Albany County Executive Mike Breslin said he doesn’t want war veterans to receive the lukewarm reception he got after 12 years of service in the Army during the Vietnam era. Instead, he wants them to know he’s grateful for their service and make life a little easier for them.
“I spent 12 years in the Army, and when I came back, I didn’t get much of a welcome at all,” he said. “Today is different. There’s a small percentage less of people serving who are going overseas with families at home. We want to make sure there are enough resources and that they’re all taken care of.”
MaryAnn Jones, director of the Albany County Veterans Bureau, said the program, known as Return the Favor, is expected to roll out in mid-September. It will ask businesses to participate in a discount program for veterans. If veterans want access to those discounts, they will have to go to the bureau and fill out a DD 214 form, which is a record of discharge, and fill out a FAVOR form, which the county clerk will keep on file. Jones said this program is only meant for those who were honorably discharged.
Veterans will then receive a photo ID card and must present them to businesses that have a sticker in front of the store indicating they are part of the program. Designing those stickers will be Stacy Myron, owner of Tumbling Tykes and a resident of Colonie. She will also be participating in the program.
Jones said this program should be seen as a win-win for both the veterans and the companies. Not only will veterans be able to have access to more benefits, this will hopefully drive more people into those stores.
“I think, from a business standpoint, you are creating traffic within your store,” said Colonie Chamber of Commerce President Tom Nolte. “People are calling businesses and inquiring about the offer and are going in and taking advantage of the offer. They’re then hopefully gaining a new customer.”
Nolte said this is just a “very small way” of showing the county’s appreciation to its veterans. He said he has been getting a good response from many of the members within his organization, and he plans to highlight those businesses that are getting involved.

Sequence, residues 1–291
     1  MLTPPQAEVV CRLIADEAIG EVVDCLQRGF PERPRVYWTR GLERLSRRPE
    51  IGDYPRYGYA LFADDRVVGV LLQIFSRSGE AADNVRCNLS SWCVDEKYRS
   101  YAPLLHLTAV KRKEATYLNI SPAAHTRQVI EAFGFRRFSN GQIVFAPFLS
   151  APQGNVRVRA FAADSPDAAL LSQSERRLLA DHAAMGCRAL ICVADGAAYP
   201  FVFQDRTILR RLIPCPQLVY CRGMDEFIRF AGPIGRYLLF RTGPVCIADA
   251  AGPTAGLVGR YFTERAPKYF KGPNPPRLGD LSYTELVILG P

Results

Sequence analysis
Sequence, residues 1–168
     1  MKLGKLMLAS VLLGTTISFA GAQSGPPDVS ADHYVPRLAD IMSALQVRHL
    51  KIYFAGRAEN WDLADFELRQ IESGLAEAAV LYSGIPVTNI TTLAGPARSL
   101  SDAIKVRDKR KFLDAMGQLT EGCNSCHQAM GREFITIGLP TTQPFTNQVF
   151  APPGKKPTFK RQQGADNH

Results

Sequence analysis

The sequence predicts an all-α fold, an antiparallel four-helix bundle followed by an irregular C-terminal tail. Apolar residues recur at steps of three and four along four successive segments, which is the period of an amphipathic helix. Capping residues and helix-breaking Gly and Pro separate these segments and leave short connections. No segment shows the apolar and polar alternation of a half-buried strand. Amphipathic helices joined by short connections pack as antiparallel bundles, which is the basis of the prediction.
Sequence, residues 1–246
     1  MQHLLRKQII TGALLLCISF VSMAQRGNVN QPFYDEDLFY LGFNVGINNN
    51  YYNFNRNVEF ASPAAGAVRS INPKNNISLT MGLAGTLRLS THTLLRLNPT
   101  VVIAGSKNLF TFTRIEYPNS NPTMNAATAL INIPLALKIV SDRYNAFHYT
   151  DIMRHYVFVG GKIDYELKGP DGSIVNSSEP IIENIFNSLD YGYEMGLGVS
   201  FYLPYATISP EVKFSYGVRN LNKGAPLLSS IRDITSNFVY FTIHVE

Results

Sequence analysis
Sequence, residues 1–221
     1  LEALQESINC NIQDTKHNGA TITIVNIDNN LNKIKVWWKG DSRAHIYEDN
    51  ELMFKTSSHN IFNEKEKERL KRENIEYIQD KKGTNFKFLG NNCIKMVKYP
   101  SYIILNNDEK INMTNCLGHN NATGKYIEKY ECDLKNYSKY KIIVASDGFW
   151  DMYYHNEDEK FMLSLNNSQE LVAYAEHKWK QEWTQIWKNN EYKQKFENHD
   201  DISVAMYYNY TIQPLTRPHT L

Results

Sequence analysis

“They’re doing it for all the right reasons,” he said. “We want to let people know these businesses are out there, and we want to promote them.”
Bethlehem Chamber of Commerce President Jennifer Kilcoyne said she thinks this program will benefit both veterans and businesses. She said this will help businesses find a new population that they might not be aware of.
“I think it’s a very simple discount for businesses to give, but it also benefits a group of people who have made significant sacrifices for each of us,” Bethlehem Chamber of Commerce President Jennifer Kilcoyne said. “I’m just happy to be involved and happy to assist the county.”
There is a side-benefit for veterans other than just receiving discounts, according to Jones. Once a veteran makes a visit to the bureau, possibly for the first time, they may discover various other benefits that are available to them they may not have been aware of before.
“They’ll not only be able to receive discounts but this brings them into the office,” she said. “It allows us to reach more veterans in Albany County that we’re not aware of and get them benefits they’re entitled to.”
Jones said there are over a dozen businesses that have opted to participate in the program and a spreadsheet of participating ones will be available on the bureau’s website when the program is ready to launch.
“I think it’s a way to say thank you and recognize folks that aren’t recognized formally or informally,” she said. “Albany County has close to 20,000 veterans and it’s a nice way to say thank you for all you’ve done, especially for fighting on two fronts.”